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Some Offences Which THERE are two "crimes" Are Becoming More I in our industry regarding Prevalent which we learn fairly often of
prosecutions. These are the acquiring of rubber tyres without a licence, and the underpaying of workers engaged in the haulage industry. With the latter is sometimes combined the charge of failing to post notices concerning wages. We draw attention to this matter for the reason that some people may be infringing the law as a result of ignorance of its requirements, and it must be remembered that the penalties may be quite heavy, whilst in respect of arrears of wages the courts require that these should be made up
nNE of the best ingredients for "taking the knock out of petrol" is said to be trimethylbutane, otherwise known as triptane. Five years ago this cost 35 dollars per gallon, but it is estimated that its post-war price will be well under one dollar. According to Mr. C. F. Kettering, Vice-President of General New Triptane Fuel Additive Gives Improved Results . . .
Motors Corporation, tests have shown that gains possible with this material, especially when lead tetraethyl is added, depend upon the particular engine and conditions of operation, but have reached as much as four times the power, with a 25 per cent. saving of fuel compared with 100 octane petrol.
THE service manager of a well-known vehicle builder drew up at the cross-roads near his works, and, after watching for a time the war-time constable's weird -signals, he decided to carry on. This he did quickly and without hesitation. An hour or so later he returned to the same cross-roads, whereupon he was promptly hailed by the constable: "Didn't you see my signals just now, Mr. A.?" he asked in a very official manner. "Of course I saw them," answered Mr. A., "but you know as well as I do that you got properly mixed up, didn't you? " "To be quite frank, Mr. A., I did," came the somewhat astonishing admission, "but I haven:t been on this job long, you know."
A New Traffic Policeman Makes an Admis sion
Church Army Can. WE learn from Church Army teens Now on German vv Headquarters that two of Soil ... .. . . its mobile canteens are now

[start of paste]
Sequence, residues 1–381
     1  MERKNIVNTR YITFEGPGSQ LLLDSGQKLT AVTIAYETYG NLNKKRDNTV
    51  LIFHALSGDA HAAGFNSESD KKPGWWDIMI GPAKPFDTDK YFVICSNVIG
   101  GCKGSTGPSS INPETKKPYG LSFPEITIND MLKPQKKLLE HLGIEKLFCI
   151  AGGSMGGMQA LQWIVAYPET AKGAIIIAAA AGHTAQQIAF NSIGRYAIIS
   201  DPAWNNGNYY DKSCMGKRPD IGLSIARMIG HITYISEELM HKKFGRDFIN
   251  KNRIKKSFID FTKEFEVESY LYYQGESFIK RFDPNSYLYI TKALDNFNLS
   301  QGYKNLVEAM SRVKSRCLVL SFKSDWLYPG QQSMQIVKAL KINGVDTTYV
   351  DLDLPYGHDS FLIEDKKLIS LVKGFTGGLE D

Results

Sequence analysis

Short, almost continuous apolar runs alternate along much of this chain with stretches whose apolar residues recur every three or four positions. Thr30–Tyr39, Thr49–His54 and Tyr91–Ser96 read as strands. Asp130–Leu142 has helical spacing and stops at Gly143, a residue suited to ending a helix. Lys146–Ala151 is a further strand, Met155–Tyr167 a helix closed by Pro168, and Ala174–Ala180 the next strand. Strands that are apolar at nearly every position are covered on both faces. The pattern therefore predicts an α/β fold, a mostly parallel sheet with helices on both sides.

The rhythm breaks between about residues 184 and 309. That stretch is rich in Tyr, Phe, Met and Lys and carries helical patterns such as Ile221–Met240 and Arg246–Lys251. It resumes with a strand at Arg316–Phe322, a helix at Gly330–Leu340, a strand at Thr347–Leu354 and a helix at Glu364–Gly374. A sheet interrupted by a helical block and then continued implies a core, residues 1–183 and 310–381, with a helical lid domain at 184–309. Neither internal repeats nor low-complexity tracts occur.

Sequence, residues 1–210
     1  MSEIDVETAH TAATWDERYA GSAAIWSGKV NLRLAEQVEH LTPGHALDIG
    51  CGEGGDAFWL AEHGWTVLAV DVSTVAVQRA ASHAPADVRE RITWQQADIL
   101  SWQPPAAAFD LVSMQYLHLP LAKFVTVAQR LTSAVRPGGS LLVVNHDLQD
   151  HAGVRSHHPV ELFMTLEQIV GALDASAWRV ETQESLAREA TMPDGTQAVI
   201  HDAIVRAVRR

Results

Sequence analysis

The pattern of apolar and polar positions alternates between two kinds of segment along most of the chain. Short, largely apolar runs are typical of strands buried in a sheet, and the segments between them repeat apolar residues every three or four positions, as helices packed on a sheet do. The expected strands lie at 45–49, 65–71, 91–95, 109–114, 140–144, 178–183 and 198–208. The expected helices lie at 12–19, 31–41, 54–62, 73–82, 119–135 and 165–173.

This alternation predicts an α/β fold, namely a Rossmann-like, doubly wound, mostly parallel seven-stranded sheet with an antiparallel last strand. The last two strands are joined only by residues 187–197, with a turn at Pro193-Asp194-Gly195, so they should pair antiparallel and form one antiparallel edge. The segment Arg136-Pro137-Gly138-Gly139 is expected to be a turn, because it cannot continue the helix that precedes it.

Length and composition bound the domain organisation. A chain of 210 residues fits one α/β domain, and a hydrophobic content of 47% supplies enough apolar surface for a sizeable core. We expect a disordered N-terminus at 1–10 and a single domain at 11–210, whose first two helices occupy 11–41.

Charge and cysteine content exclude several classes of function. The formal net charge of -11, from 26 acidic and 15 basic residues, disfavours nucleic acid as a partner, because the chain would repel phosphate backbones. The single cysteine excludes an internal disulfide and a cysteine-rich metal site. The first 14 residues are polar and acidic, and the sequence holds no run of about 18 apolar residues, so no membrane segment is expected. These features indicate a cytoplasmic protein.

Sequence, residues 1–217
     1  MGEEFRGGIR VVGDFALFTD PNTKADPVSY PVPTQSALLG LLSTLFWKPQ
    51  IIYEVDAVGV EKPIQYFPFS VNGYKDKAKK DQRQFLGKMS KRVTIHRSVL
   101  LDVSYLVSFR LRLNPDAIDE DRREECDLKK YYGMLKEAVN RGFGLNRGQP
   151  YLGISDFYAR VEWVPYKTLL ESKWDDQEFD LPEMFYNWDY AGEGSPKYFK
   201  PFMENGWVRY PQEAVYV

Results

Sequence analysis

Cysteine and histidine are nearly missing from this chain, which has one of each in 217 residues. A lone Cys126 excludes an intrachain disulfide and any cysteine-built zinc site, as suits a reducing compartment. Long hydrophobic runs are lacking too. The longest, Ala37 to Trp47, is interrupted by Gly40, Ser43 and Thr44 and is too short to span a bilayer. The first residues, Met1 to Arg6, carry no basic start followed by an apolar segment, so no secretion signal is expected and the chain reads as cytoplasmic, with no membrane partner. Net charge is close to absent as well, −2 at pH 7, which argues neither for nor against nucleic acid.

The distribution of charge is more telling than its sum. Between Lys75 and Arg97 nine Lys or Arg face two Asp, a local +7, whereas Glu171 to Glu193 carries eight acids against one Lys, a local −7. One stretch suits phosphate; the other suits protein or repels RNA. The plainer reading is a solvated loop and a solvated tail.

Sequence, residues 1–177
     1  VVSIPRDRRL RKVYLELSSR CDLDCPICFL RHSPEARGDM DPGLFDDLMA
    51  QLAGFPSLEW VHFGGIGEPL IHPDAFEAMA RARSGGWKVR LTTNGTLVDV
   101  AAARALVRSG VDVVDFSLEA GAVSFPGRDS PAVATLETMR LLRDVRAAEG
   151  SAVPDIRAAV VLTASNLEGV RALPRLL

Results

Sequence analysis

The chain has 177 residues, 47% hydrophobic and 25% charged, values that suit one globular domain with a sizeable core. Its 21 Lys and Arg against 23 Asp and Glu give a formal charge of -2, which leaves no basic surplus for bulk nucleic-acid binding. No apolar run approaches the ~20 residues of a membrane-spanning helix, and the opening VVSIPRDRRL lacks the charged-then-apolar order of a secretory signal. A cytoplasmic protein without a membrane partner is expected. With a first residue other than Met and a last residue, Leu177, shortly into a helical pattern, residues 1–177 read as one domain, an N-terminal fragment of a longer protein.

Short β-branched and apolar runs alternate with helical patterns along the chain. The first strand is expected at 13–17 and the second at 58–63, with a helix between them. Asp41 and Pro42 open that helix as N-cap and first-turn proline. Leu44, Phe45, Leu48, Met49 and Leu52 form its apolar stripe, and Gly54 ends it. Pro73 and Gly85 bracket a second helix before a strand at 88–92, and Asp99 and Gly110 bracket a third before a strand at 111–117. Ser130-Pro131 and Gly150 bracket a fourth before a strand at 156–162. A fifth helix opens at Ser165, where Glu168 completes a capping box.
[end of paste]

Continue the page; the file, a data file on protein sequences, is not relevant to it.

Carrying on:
doing good work on German soil. One of these was presented to the Church Army by the Welfare Forces Board of the Diocese of Salisbury, and the other by the Ardath Tobacco Co., Ltd. Both are built on Bedford chassis. Another canteen which will shortly be operating overseas under the aegis of the Church Army is one which has been bought and equipped through the generosity of the people of Coventry. It will serve in Field Marshal Montgomery's area, and the first Coventry man to take advantage of its facilities will be presented with a £10 note, this being taken from the surplus of the £850 collected and subscribed by the residents of Coventry.
More "Make Do and rERTALN aspects of the Mend" In Road 1,-'Industrial Salvage Scheme
Transport . . . are of particular interest, as
well as value. For example, residue from dry-cleaning stills is refined for use as fuel for oil engines, whilst dust from gas-producer. plants is employed in the manufacture of building material. Used axle grease is sometimes mixed with coal dust to form a fuel for heating boilers. It is also essential to save engine oil for proper filtration and re-use; this will help to overcome the present shortage of supplies. Membership of an industrial salvage group may well be of help to road-transport concerns. They can obtain advice on this matter from the Ministry of Supply, Department of Salvage and Recovery (Industrial), Berkeley Court, Glentworth Street, London, N.W.1.